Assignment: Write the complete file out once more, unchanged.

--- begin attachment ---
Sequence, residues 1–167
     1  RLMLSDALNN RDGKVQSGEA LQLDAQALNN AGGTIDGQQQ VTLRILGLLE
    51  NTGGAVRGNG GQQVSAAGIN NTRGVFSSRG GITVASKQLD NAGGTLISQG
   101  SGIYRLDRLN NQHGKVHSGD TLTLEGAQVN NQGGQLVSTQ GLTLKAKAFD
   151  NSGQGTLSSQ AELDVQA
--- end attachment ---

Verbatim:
Sequence, residues 1–167
     1  RLMLSDALNN RDGKVQSGEA LQLDAQALNN AGGTIDGQQQ VTLRILGLLE
    51  NTGGAVRGNG GQQVSAAGIN NTRGVFSSRG GITVASKQLD NAGGTLISQG
   101  SGIYRLDRLN NQHGKVHSGD TLTLEGAQVN NQGGQLVSTQ GLTLKAKAFD
   151  NSGQGTLSSQ AELDVQA